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Viruses 2015, 7(6), 3226-3240;

RNA Viruses and RNAi: Quasispecies Implications for Viral Escape

Department of Medical Microbiology and Immunology, College of Medicine, The University of Toledo, 3055 Arlington Avenue, Toledo, OH 43614, USA
Author to whom correspondence should be addressed.
Academic Editor: Andrew Mehle
Received: 15 May 2015 / Revised: 4 June 2015 / Accepted: 17 June 2015 / Published: 19 June 2015
(This article belongs to the Special Issue Gene Technology and Resistance to Viruses - Reviews)
Full-Text   |   PDF [310 KB, uploaded 19 June 2015]   |  


Due to high mutation rates, populations of RNA viruses exist as a collection of closely related mutants known as a quasispecies. A consequence of error-prone replication is the potential for rapid adaptation of RNA viruses when a selective pressure is applied, including host immune systems and antiviral drugs. RNA interference (RNAi) acts to inhibit protein synthesis by targeting specific mRNAs for degradation and this process has been developed to target RNA viruses, exhibiting their potential as a therapeutic against infections. However, viruses containing mutations conferring resistance to RNAi were isolated in nearly all cases, underlining the problems of rapid viral evolution. Thus, while promising, the use of RNAi in treating or preventing viral diseases remains fraught with the typical complications that result from high specificity of the target, as seen in other antiviral regimens. View Full-Text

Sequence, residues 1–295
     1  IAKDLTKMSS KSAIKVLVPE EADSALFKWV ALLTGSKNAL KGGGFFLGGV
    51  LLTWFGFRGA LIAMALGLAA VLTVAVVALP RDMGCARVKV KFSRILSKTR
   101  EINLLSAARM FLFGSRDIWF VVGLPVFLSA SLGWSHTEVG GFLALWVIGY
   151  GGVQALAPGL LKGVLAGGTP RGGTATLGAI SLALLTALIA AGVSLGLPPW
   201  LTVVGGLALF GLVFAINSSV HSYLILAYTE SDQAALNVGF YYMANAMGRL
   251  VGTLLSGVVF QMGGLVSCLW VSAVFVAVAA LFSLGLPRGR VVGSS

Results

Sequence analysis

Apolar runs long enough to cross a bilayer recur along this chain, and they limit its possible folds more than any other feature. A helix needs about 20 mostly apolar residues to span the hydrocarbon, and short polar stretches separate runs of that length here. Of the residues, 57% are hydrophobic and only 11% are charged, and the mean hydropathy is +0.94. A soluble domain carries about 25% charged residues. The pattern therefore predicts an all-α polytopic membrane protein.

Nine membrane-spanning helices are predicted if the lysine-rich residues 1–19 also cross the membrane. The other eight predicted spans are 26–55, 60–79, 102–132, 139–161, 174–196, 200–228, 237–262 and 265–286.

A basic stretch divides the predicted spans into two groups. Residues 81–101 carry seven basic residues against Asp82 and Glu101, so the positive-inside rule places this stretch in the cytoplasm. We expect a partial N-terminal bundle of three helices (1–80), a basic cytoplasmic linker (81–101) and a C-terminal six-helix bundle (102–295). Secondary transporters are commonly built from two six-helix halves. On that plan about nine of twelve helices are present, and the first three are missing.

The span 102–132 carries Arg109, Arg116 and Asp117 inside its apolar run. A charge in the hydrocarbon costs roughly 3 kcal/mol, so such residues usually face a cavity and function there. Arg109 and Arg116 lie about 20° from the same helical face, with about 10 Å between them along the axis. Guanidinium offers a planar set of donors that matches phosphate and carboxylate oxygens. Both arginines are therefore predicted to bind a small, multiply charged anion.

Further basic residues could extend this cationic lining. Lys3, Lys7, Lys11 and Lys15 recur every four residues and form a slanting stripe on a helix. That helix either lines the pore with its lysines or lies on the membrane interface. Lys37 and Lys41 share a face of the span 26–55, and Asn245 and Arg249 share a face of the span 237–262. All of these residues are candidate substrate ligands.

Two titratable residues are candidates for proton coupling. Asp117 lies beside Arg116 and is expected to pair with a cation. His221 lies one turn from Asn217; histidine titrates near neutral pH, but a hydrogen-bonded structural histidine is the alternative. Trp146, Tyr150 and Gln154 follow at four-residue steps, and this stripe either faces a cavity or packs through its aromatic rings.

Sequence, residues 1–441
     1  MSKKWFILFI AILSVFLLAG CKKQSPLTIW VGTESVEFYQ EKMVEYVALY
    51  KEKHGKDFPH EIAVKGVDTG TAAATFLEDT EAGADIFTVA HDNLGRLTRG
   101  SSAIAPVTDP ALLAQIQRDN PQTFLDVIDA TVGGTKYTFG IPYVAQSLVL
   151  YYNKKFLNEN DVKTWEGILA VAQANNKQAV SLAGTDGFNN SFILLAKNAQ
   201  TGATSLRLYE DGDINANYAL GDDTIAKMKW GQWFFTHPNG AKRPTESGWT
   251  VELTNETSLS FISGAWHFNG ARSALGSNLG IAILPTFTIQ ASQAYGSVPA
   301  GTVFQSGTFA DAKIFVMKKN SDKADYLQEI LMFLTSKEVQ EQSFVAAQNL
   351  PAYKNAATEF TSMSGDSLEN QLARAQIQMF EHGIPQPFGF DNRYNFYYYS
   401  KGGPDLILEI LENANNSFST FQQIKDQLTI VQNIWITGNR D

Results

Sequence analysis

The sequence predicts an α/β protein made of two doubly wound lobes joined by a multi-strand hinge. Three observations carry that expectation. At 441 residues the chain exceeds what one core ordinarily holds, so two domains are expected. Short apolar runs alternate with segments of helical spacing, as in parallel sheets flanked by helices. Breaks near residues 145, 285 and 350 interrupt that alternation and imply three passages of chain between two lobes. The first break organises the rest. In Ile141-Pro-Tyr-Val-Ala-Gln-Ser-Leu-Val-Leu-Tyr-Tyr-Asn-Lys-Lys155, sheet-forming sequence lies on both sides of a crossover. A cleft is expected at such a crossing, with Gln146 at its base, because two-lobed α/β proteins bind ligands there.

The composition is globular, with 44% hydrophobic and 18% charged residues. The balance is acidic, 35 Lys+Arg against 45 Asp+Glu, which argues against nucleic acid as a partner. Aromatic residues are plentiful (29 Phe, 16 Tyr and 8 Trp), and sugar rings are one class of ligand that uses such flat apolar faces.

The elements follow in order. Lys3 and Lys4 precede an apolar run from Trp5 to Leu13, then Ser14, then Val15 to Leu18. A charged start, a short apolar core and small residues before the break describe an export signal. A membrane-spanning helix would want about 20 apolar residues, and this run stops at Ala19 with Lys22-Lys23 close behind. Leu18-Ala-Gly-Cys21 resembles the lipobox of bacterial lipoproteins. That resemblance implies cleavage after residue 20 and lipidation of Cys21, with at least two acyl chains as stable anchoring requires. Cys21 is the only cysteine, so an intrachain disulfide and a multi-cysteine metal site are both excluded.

Keywords: RNA virus; RNAi; escape; adaptations; quasispecies RNA virus; RNAi; escape; adaptations; quasispecies

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Presloid, J.B.; Novella, I.S. RNA Viruses and RNAi: Quasispecies Implications for Viral Escape. Viruses 2015, 7, 3226-3240.

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